Reading 2 Corinthians 3
Are we beginning to commend ourselves again? Or do we need, like some people, letters of recommendation to you or from you? 2 You yourselves are our letter, written on our hearts, known and read by everyone. 3 You show that you are a letter from Christ, the result of our ministry, written not with ink but with the Spirit of the living God, not on tablets of stone but on tablets of human hearts.
4 Such confidence we have through Christ before God. 5 Not that we are competent in ourselves to claim anything for ourselves, but our competence comes from God. 6 He has made us competent as ministers of a new covenant – not of the letter but of the Spirit; for the letter kills, but the Spirit gives life.
Augustine was becoming more interested in Ambrose’s teachings, especially with his interpretations of biblical texts. While listening to Ambrose’s explanations, he was surprised how clearly those same words spoke to his heart and enlightened his mind.
"Another thing that brought me joy was that the ancient writings of the law and the prophets were now being offered to me under quite a different aspect from that under which they had seemed to me absurd when I believed that your holy people held such crude opinions; for the fact was that they did not. I delighted to hear Ambrose often asserting in his sermons to the people, as an emphatic principle: The letter is death-dealing, but the spirit gives life. This he would tell them as he drew aside the veil of mystery and opened to them the spiritual meaning of passages which, taken literally, would seem to mislead. He said nothing which offended me."
Ambrose pointed to some scholars of the Scriptures and how they were unable to open their hearts and minds to the meaning that had been hidden behind those words. Jesus identified same fault in the Jews who did not discover the message of the Old Testament, but focused solely on the literal word and consequently rejected the Messiah sent to them. "The Jews took up stones again to stone him. Jesus replied, ‘I have shown you many good works from the Father. For which of these are you going to stone me?’" (John 10:31-32). Scholars in Jesus’ day spent a lot of time reading and contemplating the Scriptures. They tried unreasonably hard to understand and explain single words and expressions and show their specific and literal meaning while neglecting the hidden implications significant to spiritual life.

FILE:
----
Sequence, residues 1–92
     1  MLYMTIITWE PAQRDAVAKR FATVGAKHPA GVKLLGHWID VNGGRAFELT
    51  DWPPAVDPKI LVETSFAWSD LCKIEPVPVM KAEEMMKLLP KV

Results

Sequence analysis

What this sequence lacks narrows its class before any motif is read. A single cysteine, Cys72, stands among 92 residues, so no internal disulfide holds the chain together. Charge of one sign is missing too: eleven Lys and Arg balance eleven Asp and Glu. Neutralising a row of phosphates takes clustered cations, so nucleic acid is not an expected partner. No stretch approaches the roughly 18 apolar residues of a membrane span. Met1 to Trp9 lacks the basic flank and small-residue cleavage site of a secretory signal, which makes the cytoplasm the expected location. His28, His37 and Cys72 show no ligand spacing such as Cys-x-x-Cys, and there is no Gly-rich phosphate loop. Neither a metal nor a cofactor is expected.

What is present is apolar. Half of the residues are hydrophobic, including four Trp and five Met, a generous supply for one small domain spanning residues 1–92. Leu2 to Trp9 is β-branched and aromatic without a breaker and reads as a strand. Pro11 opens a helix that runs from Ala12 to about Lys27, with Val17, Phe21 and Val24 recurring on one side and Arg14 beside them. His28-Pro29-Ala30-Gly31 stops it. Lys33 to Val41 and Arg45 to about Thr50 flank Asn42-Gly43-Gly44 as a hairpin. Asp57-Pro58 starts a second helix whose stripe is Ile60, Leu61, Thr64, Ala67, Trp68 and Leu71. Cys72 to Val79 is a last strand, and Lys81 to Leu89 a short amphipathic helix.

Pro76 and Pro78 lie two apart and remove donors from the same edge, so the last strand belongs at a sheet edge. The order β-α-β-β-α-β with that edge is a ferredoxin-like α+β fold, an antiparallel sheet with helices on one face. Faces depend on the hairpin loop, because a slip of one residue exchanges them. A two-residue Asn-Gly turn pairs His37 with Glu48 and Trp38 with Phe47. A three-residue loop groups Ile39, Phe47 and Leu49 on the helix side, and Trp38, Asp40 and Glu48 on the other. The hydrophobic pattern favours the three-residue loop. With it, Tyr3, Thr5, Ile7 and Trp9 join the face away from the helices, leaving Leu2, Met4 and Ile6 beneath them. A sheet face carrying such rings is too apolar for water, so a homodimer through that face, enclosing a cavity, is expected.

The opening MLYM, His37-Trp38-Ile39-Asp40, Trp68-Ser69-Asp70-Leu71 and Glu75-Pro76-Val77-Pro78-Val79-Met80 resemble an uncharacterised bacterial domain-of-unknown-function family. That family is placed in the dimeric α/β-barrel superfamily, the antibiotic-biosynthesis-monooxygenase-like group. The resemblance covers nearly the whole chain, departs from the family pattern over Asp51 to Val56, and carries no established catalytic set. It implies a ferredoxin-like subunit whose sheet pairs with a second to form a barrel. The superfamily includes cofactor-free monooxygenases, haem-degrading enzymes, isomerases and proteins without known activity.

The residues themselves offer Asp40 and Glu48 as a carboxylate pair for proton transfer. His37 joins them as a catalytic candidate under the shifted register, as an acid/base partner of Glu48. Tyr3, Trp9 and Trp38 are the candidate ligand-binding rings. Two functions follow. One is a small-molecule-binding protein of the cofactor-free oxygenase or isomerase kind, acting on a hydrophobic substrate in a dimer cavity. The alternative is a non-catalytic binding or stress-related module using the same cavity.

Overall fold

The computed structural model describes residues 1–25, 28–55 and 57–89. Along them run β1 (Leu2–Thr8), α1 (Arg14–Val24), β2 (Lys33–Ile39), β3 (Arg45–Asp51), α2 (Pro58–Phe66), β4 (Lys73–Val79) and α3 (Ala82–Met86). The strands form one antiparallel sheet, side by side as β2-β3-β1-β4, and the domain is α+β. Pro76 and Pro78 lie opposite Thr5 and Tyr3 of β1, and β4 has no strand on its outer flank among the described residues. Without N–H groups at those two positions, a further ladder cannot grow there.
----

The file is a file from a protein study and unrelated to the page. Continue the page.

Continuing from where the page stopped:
"In plain words and very humble modes of speech it offered itself to everyone, yet stretched the understanding of those who were not shallow-minded. It welcomed all comers to its hospitable embrace, yet through narrow openings attracted a few to you.”
Lord, help us to open our minds and hearts to your word so that we may too get close to you through the "narrow gate. Amen